The Girl Child in 2030


When the world wakes up in 2030, I hope the vision for adolescent girls would be realized into tangibles. As a father of a seven year old girl child, I look forward to an era when my daughter, like the millions of girls worldwide her current age, would blossom into a world that embraces them with hope, promise and a future as they walk into adulthood.

Today, major gaps continue to exist in the areas of Health, Education, Unemployment, Political Participation, etc. Girls remain victims of institutionalized violence, human trafficking, rape, etc. There remains limited access to education, and structural barriers have prevented girls from attaining their full potentials. Other factors like early marriages and general societal neglect in many parts of today’s world have affected the dreams of girls worldwide.

According to the World Health Organization, about 16 million girls aged 15 to 19 and about 1 million girls under 15 give birth every year—most in low- and middle-income countries. Complications during pregnancy and childbirth are the second major cause of death for 15-19 year-old girls globally.

Every year, some 3 million girls aged 15 to 19 undergo unsafe abortions.

Babies born to adolescent mothers face a substantially higher risk of dying than those born to women aged 20 to 24. Adolescent pregnancy can also have negative social and economic effects on girls, their families and communities. Many girls who become pregnant have to drop out of school. A girl with little or no education has fewer skills and opportunities to find a job. This can also have an economic cost with a country losing out on the annual income a young woman would have earned over her lifetime, if she had not had an early pregnancy.

Access to education remains distant in some parts of the world, with some cultures denying girls’ rights to education. The Pakistani adolescent- Nobel Prize winner, Malala Yousafzai is an example of an adolescent girl who was shot in the head by the Taliban because of her advocacy for girls’ education. There are millions of buried stories of other girls, like Malala, that never faced the dawn of day. Despite Global efforts, according to UNICEF, girls continue to suffer severe disadvantage and exclusion in education systems throughout their lives. An estimated 31 million girls of primary school age and 32 million girls of lower secondary school age were out of school in 2013. Sub-Saharan Africa has the lowest proportion of countries with gender parity: only two out of 35 countries. And South and West Asia has the widest gender gap in its out-of-school population – 80 per cent of its out-of-school girls are unlikely to ever start school compared to 16 per cent of its out-of-school boys.

Furthermore, many countries will still not have reached gender parity. If that trend continues, it means that millions of girls would lose out on the path to achieving quality education and thus remain lagging in the vision to self empowerment.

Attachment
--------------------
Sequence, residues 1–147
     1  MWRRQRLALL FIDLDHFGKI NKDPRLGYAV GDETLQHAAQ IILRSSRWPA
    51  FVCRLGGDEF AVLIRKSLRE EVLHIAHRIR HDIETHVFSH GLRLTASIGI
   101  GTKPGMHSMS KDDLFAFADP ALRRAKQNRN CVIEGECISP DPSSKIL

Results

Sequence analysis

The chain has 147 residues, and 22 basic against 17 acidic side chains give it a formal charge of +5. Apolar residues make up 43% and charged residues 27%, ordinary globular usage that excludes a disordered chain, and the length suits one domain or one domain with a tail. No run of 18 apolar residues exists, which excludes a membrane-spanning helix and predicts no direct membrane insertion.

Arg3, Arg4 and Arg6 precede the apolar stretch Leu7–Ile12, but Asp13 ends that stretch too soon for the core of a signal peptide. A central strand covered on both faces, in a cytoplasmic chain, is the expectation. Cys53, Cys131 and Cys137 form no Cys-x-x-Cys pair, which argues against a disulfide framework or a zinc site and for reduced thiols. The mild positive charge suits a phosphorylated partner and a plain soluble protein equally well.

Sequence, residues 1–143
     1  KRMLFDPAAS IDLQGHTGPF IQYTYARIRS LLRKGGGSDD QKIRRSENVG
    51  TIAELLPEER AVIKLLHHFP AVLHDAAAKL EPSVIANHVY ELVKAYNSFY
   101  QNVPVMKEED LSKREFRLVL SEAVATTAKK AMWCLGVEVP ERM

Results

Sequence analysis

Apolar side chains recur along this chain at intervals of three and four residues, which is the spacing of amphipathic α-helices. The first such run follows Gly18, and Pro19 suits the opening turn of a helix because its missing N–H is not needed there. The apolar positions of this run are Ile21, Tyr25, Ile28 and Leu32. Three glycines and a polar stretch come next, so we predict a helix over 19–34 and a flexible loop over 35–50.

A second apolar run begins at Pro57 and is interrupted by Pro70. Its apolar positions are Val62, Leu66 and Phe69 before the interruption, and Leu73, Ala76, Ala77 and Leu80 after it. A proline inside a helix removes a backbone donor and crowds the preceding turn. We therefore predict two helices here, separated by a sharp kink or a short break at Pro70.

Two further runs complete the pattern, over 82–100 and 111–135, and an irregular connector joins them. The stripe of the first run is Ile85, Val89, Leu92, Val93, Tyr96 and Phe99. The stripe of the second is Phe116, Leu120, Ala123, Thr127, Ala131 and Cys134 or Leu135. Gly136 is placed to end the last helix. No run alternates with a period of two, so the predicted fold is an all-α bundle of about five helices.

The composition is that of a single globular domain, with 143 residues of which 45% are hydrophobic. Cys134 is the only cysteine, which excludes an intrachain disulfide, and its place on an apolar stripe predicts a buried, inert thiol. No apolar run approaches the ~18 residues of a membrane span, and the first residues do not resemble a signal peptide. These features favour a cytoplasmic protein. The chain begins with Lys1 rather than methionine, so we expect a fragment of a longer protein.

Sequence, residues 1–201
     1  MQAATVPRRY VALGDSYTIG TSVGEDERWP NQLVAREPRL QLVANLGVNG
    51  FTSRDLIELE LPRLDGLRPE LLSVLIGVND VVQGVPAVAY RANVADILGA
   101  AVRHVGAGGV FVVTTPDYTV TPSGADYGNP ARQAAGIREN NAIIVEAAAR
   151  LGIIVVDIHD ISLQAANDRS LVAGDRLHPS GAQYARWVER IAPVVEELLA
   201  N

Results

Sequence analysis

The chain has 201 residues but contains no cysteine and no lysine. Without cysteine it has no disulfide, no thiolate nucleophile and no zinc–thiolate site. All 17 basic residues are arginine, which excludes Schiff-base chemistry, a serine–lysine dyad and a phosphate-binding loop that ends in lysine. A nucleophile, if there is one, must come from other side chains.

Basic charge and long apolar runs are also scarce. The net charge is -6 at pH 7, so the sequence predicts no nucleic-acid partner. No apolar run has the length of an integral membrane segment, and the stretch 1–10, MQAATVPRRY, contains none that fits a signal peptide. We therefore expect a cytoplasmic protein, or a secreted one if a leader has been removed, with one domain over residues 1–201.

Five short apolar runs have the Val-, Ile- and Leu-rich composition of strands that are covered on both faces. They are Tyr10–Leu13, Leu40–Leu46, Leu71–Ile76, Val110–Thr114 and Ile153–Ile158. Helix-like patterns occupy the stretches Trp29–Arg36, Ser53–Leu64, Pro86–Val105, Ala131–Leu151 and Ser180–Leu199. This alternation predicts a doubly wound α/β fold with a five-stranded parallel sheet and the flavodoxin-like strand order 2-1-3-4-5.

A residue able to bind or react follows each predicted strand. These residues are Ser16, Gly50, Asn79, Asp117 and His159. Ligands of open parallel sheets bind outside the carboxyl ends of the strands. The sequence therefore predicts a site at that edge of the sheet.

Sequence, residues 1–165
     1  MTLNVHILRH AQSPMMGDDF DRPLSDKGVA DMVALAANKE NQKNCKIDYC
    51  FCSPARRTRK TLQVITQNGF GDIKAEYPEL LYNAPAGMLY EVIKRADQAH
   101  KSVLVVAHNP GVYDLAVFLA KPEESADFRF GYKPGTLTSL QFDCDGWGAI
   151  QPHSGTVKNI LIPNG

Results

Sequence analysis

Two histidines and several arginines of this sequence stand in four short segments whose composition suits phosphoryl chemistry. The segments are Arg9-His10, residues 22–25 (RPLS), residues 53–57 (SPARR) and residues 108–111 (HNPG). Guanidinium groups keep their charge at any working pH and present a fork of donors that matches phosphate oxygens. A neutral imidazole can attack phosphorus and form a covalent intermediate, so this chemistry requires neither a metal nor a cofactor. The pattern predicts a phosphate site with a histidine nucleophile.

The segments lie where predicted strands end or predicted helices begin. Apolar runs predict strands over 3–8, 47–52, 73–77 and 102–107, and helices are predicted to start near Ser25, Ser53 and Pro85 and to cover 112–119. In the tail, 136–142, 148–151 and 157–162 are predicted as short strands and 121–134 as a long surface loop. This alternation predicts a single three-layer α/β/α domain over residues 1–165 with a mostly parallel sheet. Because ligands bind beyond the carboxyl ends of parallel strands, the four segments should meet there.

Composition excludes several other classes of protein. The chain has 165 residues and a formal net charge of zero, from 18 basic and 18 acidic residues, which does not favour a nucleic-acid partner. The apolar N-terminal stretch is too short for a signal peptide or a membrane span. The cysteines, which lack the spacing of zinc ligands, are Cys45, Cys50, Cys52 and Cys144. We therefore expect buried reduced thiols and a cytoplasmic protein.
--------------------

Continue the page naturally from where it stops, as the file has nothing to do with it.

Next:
Women access to Political participation is often influenced by the education they receive as young girls. Women educational levels affect their participation in formal politics and their participation in other political activities. The educational gap between adolescent girls and their male counterparts affects their ability for political participation and formal engagements in the political discourse of their countries.

According to UNICEF, to date, millions of girls around the world are still being denied an education. Slow education progress for children today will have lifelong effects: Almost a quarter of young women aged 15-24 today (116 million) in developing countries have never completed primary school and so lack skills for work. Young women make up 58% of those not completing primary school. Two-thirds of the 774 million illiterate people in the world are female. The full power of the girl child can only be realized when access to health, education, employment, political participation, global leadership and respect for gender parity is assured. By the turn of the century in 2000, when the millennium development goals were adopted, most of today’s adolescent girls were babies. Today, our hands are full with millions of adolescent girls that would turn into adults by 2030. The road to that vision is faced with enormous challenges that need to be addressed. Four years after the UN adoption of the International Day of the Girl Child, the rest of the world looks forward to the dreams of the Sustainable Development Goals and the promise of the Girl Child.

I look forward to seeing my seven year old daughter and the millions of girls worldwide turn the curve in 2030 with the full power endowed by the adolescent era.

About The Author: Lekpele M. Nyamalon is a Liberian writer and poet and lives in Monrovia. He can be reached at [email protected]


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